The retirees have also wrapped their campaign around the broader push to improve pensions for all Canadians rather than roll back those of public servants. Public servants have faced as steady attack from groups like Canadian Federation of Independent Business which argue they are overpaid and their pensions are too rich and unaffordable for taxpayers.

Mathieu Ravignat, the NDP’s Treasury Board critic, said some fear the proposal to change the eligibility for the health plan is signalling another move to further reduce public servants’ pension benefits.

“It’s like opening a Pandora’s box. I don’t think the negative consequences have been thought out nor has there been a consultation process in place or even acknowledged,” he said.

“This president of the Treasury Board dislikes public servants so much that he’s willing to go ahead with something so malicious. Maybe it’s just a case of (a proposal that is) ill-thought or ill-conceived. We’ll see.”

He said some are worried that the move to extend the vesting period for the health plan to 10 years from two could set the stage to change pension legislation so that bureaucrats can’t collect pensions unless they have worked in the public service and contributed to the pension plan for 10 years. Such a move could not only have a major impact on the number of pensions paid by the government, but it could dramatically change the nature and composition of a public service that has relied on generous pension and benefits as a recruitment tool.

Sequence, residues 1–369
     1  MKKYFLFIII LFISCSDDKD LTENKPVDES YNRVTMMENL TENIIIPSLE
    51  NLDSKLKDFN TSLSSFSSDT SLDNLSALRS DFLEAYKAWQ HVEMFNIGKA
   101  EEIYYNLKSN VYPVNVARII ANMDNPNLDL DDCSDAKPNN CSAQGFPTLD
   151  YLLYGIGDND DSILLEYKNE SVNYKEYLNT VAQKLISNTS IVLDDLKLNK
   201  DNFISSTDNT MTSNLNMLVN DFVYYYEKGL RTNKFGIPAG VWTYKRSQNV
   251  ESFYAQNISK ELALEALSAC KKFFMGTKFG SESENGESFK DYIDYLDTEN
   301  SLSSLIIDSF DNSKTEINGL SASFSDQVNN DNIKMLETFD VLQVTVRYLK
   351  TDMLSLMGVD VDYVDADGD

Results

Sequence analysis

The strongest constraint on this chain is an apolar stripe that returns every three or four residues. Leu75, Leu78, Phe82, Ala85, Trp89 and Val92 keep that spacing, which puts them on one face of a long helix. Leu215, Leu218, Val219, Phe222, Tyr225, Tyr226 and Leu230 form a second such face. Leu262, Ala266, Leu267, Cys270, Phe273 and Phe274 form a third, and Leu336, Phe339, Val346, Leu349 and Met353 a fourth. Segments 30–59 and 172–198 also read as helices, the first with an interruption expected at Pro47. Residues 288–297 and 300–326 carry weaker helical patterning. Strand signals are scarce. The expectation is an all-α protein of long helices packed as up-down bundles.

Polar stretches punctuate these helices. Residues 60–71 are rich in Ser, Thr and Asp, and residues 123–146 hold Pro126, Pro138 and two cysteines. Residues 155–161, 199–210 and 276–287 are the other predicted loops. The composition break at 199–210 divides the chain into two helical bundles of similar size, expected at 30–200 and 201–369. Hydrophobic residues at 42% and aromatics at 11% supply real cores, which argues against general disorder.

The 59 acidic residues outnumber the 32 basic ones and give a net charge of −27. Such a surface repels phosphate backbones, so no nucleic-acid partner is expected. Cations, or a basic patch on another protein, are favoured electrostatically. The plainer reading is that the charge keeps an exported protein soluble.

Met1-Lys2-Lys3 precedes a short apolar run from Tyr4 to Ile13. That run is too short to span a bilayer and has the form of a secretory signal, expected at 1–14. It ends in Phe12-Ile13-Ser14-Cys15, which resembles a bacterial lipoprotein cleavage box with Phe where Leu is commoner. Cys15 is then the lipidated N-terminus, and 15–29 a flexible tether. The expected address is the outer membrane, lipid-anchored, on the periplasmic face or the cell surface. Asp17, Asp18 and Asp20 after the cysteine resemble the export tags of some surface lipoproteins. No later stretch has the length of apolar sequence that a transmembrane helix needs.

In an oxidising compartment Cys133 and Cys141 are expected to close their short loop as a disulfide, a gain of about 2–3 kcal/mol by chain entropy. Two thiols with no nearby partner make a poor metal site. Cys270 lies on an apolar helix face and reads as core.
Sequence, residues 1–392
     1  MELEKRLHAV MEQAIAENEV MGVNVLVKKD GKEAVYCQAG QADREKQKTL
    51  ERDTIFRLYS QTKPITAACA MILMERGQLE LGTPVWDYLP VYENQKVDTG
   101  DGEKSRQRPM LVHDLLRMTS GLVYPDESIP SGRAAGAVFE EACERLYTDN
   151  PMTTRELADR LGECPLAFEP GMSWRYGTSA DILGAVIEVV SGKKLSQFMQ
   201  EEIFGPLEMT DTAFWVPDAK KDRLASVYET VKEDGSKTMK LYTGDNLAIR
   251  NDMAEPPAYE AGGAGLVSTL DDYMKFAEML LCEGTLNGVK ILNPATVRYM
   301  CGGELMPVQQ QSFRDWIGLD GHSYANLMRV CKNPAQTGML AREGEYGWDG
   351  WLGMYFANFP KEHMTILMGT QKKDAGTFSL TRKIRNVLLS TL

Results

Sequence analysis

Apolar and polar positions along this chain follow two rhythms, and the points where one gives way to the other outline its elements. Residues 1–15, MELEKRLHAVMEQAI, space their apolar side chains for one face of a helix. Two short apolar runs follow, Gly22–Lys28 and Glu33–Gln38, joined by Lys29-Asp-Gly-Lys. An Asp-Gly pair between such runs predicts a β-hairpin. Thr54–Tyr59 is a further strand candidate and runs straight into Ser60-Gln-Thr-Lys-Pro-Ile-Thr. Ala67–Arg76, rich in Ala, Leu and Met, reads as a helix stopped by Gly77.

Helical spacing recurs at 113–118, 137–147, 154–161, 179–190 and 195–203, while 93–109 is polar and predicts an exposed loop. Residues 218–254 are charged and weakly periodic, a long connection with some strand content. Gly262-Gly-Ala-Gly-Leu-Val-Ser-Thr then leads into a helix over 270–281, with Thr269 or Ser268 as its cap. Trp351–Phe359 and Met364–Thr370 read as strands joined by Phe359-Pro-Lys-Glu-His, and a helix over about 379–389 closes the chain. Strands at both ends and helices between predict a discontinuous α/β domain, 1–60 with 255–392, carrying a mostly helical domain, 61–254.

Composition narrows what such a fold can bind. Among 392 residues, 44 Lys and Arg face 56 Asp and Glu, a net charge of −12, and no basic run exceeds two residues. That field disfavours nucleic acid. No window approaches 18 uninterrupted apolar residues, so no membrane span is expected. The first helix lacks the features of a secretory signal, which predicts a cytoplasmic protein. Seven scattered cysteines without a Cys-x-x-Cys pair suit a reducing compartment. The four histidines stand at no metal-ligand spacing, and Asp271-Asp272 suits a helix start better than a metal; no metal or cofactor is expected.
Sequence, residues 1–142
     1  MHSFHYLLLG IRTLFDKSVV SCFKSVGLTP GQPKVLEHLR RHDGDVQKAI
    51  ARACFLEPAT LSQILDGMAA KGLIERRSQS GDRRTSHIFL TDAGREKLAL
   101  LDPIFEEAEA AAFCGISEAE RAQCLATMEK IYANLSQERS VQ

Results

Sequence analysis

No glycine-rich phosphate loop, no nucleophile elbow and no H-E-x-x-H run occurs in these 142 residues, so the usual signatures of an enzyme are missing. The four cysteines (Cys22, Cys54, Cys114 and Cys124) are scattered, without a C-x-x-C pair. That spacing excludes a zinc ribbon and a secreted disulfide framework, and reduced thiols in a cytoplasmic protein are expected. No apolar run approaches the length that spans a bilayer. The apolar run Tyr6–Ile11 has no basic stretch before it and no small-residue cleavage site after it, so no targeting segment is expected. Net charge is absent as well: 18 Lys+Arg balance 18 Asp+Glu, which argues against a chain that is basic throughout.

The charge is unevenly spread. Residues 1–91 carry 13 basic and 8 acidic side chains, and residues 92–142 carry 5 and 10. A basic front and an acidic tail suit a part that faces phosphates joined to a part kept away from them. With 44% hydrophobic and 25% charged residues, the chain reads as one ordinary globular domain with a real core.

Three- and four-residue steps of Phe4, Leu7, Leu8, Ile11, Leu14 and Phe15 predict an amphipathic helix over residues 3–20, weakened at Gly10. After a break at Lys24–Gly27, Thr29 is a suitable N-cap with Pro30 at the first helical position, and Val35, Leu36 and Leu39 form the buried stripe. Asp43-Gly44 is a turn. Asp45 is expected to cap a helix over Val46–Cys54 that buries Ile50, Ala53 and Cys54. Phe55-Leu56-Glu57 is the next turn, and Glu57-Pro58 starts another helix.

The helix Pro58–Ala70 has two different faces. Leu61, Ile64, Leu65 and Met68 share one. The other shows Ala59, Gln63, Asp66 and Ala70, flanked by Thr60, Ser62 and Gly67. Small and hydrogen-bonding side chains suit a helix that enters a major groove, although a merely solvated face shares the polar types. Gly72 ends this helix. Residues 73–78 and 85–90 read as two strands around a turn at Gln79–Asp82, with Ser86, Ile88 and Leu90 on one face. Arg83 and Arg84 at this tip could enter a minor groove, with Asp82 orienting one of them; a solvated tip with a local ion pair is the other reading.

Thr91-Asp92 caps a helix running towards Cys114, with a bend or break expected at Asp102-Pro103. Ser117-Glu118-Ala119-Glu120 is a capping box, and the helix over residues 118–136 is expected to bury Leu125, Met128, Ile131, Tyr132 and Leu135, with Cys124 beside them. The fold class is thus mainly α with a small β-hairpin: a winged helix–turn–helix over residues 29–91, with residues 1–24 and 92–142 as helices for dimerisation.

The government has given no indication it would go that far, but the Conservatives have vowed to bring public servants’ benefits in line with the private sector, which many argue means everything is on the table for possible reform.

The government did announce in the last budget intentions to review retirees’ benefits. Other than pensions and health care, retiree benefits include membership in a dental plan as well as supplementary death benefits, which is a life insurance plan they pay for while working and can continue after retiring. About 500,000 retirees and public servants belong to the various plans.

Until now, the government’s major measures to rein in compensation costs of the public service have been mainly targeted at existing employees or new hires, through initiatives such as reforming pensions, revamping sick leave and taking away voluntary severances.

Little fuss was made several years ago when the Conservatives increased the contribution rates for the dental plan that was created for retirees in the early 2000s as part of the package of concessions the Liberals made. The government paid 75 per cent of the contributions and moved to a 50-50 cost sharing with retirees.

The Public Service Health Care Plan reimburses members and their dependents for a range of health-related goods and services that are not typically covered by provincial and territorial health plans. The cost of the plan is managed centrally by Treasury Board. The joint committee that oversees the plan makes recommendations to the minister but Clement has final say.

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Original source article: Federal retirees ready to challenge cuts to benefits